Cooking demonstrations are another platform that is being used to bring nutrition learning to communities. It is here that community members learn how to prepare food while retaining nutritional value; new recipes that ensure nutritious meals; as well as information regarding the six food groups. Estere was also advised to have a home garden and to be rearing small livestock for easy access of vegetables and animal products, which she took up immediately.
Meanwhile Lydia urged her to continue consulting medical personnel in spite of the success in getting Jenipher to start eating solid, nutritious foods. Estere says that she still faced resistance at the health centre, which eventually forced her to stop seeking medical attention for this issue. She concentrated on feeding her baby with nutritious food with her husband’s and mother’s support.
After a month Jenipher showed signs of improvement, and she continued on a diet in accordance with what her mother had learnt through Afikepo. Being an expectant mother during this trying period, Estere also learnt how to take care of herself and would eat similar foods to what she prepared for her daughter. This improved her own health and that of her then unborn child, a little girl who weighed 4.6 kg at birth.
Project participants, cluster leaders, care promoters, extension staff, through the project have built trust with community members and with each other with a common goal in sight- improved nutrition. Such trust has become an essential ingredient for community behavior change and one which is key to saving children such as Jenipher from malnutrition.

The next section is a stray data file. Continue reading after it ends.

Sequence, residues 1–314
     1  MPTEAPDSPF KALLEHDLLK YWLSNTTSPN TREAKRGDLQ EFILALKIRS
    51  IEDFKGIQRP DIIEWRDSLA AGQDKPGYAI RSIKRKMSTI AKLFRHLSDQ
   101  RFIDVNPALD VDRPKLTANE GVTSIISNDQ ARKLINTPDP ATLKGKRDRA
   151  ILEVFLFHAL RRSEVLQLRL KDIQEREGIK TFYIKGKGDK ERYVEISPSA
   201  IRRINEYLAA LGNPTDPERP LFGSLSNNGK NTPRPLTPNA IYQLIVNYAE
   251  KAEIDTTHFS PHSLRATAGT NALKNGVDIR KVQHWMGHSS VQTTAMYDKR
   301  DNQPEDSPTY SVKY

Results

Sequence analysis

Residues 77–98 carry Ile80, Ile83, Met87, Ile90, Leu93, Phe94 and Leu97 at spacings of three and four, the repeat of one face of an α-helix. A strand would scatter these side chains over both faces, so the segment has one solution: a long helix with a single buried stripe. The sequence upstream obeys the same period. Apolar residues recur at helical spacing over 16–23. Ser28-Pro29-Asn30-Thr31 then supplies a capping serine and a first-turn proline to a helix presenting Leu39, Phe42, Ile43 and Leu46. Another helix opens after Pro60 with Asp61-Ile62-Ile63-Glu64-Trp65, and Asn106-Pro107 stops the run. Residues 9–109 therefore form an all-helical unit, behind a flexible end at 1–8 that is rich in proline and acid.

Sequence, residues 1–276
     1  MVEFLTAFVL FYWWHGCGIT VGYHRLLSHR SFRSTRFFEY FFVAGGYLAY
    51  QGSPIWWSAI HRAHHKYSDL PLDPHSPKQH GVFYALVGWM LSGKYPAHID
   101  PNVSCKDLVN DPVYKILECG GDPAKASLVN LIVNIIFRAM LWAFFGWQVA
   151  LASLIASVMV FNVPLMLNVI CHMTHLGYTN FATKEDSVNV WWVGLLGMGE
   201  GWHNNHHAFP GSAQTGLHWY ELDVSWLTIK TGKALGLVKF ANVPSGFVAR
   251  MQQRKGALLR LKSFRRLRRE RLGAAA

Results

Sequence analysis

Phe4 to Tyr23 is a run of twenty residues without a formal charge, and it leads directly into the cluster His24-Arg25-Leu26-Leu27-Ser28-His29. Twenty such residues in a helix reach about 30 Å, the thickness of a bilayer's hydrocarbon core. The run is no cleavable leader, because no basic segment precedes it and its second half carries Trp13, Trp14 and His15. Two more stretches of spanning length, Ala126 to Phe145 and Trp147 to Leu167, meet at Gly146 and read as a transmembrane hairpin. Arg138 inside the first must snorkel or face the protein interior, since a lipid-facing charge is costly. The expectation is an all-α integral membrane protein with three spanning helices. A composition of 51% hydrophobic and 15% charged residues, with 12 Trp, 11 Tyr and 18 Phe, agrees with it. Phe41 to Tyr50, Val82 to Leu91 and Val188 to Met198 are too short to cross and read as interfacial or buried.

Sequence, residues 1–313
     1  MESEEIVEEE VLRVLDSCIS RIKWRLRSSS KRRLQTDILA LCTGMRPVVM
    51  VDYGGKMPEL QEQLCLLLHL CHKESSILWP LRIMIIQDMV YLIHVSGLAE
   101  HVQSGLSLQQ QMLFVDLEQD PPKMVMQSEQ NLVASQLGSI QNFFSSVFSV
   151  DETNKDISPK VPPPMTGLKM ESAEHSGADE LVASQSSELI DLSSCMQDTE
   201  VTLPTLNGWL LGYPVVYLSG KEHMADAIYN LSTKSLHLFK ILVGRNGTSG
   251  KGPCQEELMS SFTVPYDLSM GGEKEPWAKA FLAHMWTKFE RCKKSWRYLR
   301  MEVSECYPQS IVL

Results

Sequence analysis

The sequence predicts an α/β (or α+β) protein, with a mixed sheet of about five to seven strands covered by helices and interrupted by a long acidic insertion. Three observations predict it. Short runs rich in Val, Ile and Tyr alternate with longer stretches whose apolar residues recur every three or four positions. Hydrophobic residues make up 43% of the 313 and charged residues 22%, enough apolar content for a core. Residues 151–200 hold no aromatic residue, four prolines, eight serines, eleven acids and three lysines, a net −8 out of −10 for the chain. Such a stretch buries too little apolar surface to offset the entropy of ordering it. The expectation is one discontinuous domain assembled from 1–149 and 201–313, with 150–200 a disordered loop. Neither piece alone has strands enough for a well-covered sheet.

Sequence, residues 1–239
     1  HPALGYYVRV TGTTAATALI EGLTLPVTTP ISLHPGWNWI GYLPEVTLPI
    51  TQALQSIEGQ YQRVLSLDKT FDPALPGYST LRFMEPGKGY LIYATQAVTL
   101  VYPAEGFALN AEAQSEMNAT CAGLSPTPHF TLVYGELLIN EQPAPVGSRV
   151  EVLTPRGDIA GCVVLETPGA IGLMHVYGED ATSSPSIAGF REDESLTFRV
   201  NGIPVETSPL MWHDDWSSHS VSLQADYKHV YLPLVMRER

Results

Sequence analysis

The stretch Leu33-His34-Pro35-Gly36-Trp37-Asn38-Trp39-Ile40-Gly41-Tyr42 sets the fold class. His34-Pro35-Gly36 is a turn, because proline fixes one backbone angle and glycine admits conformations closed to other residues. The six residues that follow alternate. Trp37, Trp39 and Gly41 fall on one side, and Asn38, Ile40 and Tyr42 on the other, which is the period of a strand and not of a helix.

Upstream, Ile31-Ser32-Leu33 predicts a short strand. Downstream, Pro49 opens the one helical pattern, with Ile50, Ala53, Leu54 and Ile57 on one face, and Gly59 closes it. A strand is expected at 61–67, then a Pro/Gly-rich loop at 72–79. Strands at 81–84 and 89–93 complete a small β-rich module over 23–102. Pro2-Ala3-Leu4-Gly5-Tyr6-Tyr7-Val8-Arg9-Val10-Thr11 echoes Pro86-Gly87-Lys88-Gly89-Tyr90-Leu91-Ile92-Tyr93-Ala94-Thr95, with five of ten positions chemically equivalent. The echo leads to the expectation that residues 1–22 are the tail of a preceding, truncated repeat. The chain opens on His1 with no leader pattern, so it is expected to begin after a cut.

Behaviour in Chiradzulu district is changing, according Agricultural Extension Development Officer (AEDO), Mphatso Kutama. He observes that most people in the area where he works, Mombezi extension planning area (EPA), are following extension workers’ advice, adopting crop diversification and new technology combinations to improve nutrition status in their families as well as food and income security.
“Jenipher is a living example that eating nutritious food with all six groups can improve nutrition status of the family,” he says.
Now three years old, weighing in at 13 kg, Jenipher is a healthy and robust little girl. Her favourite food is nsima with usipa (small fish), and pumpkin leaves. She eats a healthy diet thanks to her mother’s dedication to sticking with what she has learnt through Afikepo.
Under Afikepo NSA project, care groups, which have an average membership of 10 cluster leaders, are providing nutrition information and guidance to households. Each care group is headed by a care promoter, who leads on information sharing, whereas the cluster leaders such as Lydia, are subsequently responsible for passing nutrition information to different households.
About Afikepo nutrition sensitive agriculture project
Afikepo is a Chichewa name, which means “let them [the children] develop to their full potential”. It is being implemented with the aim of increasing and diversifying dietary intake of safe and nutritious foods to achieve optimal nutrition for women of child bearing age, adolescent girls, infants and young children in the 10 targeted districts of Chitipa, Karonga, Mzimba, Nkhatabay, Nkhotakota, Kasungu, Salima, Chiradzulu, Thyolo and Mulanje. The Afikepo nutrition sensitive agriculture project is part of the wider Afikepo programme which is funded by the European Union and is being implemented from July 2017 to June 2022.